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American Legion National Commander Clarence E. Hill says he is pleased that VA has acknowledged herbicide Agent Orange as a culprit in three more illnesses plaguing Vietnam veterans. VA’s Oct. 13 decision was in response to the latest in a series of “Veterans and Agent Orange” reports from the Institute of Medicine (IOM).
“The VA’s establishment of exposure to Agent Orange as a contributor to hairy cell leukemia (HCL) – a rare form of cancer – Parkinson’s disease and ischemic heart disease (IHD) is perhaps overdue, but welcome,” Hill said. “It means many more Vietnam veterans will be afforded the VA health care and benefits they deserve. I offer sincere thanks to Secretary of Veterans Affairs Eric Shinseki for this action. As a Vietnam veteran himself, I am sure Gen. Shinseki’s interest in this matter was intense and personal.”
Agent Orange was an herbicide used during the Vietnam War to defoliate heavily forested areas that concealed enemy troops. More than 21 million gallons of the highly toxic chemical are estimated to have been sprayed over rural South Vietnam from 1962 to 1971. Its poisonous effects were not restricted to vegetation, as intended, but sickened and killed humans as well.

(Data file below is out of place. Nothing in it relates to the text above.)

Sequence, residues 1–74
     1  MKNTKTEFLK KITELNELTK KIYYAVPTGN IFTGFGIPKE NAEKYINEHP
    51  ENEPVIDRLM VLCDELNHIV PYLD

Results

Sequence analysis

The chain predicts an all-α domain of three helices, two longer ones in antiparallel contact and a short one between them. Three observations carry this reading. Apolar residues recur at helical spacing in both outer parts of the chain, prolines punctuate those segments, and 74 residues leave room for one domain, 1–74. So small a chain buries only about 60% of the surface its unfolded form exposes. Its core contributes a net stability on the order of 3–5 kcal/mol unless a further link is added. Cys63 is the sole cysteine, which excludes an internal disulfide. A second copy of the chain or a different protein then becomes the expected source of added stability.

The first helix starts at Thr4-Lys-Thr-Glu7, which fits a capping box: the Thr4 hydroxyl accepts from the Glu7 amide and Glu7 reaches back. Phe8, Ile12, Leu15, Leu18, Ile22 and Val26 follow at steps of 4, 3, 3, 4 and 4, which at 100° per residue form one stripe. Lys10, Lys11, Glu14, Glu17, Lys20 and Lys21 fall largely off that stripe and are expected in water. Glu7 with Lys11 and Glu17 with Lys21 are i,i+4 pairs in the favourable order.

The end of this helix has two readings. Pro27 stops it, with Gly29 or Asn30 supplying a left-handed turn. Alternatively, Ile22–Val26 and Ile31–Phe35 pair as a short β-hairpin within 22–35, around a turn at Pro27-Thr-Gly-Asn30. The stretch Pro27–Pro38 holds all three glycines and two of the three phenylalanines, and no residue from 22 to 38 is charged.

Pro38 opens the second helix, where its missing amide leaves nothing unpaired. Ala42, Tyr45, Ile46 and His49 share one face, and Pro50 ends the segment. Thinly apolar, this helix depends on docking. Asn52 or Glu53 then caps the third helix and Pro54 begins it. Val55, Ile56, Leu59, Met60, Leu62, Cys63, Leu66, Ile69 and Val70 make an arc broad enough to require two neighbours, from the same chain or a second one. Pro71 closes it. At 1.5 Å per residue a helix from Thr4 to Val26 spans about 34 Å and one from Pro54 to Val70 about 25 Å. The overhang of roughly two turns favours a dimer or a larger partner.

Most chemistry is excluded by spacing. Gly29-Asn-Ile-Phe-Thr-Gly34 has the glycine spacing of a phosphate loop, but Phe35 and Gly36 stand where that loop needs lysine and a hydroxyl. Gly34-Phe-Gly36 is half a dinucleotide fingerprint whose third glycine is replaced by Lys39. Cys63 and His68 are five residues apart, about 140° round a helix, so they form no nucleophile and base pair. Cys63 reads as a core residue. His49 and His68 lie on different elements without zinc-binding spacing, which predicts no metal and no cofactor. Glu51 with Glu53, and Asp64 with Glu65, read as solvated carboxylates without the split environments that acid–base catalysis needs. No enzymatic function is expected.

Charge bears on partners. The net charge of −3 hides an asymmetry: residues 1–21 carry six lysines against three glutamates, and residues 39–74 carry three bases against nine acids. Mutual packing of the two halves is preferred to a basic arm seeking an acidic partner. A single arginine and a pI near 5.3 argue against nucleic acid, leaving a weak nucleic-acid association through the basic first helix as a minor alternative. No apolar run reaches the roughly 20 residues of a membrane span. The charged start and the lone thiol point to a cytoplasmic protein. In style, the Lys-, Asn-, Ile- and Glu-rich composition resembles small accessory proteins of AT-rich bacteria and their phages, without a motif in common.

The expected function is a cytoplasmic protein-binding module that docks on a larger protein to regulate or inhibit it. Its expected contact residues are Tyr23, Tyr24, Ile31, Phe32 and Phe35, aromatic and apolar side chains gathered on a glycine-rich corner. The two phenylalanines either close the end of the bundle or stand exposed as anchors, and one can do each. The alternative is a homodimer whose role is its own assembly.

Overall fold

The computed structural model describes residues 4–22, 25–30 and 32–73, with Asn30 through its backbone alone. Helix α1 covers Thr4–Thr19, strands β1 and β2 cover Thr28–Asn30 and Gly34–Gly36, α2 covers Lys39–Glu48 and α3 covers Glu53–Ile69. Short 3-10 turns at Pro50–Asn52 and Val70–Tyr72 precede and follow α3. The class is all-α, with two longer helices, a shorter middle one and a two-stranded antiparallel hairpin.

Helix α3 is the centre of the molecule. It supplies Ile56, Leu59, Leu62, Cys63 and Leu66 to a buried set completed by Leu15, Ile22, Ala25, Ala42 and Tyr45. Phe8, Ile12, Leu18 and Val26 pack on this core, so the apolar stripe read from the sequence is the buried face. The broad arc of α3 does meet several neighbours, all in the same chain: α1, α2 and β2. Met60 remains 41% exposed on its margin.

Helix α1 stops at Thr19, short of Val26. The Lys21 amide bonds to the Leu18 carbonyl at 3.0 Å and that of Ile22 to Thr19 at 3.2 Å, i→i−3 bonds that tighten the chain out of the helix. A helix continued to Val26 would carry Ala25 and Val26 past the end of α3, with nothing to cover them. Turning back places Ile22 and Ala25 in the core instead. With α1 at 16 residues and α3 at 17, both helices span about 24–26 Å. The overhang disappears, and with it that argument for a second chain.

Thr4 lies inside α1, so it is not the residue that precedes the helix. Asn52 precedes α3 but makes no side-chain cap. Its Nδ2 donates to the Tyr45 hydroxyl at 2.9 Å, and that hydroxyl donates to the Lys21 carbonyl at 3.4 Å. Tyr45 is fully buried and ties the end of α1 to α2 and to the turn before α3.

American troops exposed to Agent Orange began to show various symptoms of illness early on, but the connection between military service and defoliant-caused disease was not officially established. The American Legion played a significant role in lobbying VA to recognize the cause-effect relationship between Agent Orange and certain maladies.
HCL, IHD and Parkinson’s disease will join a long list of illnesses thought to plague Vietnam veterans who came into contact with Agent Orange.
“While we are happy with the announcement, we will continue to work with medical experts to explore connections between Agent Orange and respiratory disorders such as asthma, pleurisy, pneumonia and tuberculosis, as well as gastrointestinal diseases, liver toxicity, thyroid disease, homeostasis, endometriosis and others,” Hill said. “We will also be anxiously awaiting VA’s long overdue official decision on the suspected connection between herbicides and hypertension – the harbinger of so many other serious disorders.
“It should be remembered that Agent Orange exposure was not limited to just ‘boots on the ground’ in-country,” Hill continued. “Veterans exposed to Agent Orange included blue-water Navy sailors, among others. They, too, deserve the care and benefits to be afforded other victims.
“There are 900,000 Vietnam era veterans in Legion ranks alone, so we have a huge stake in this,” Hill said.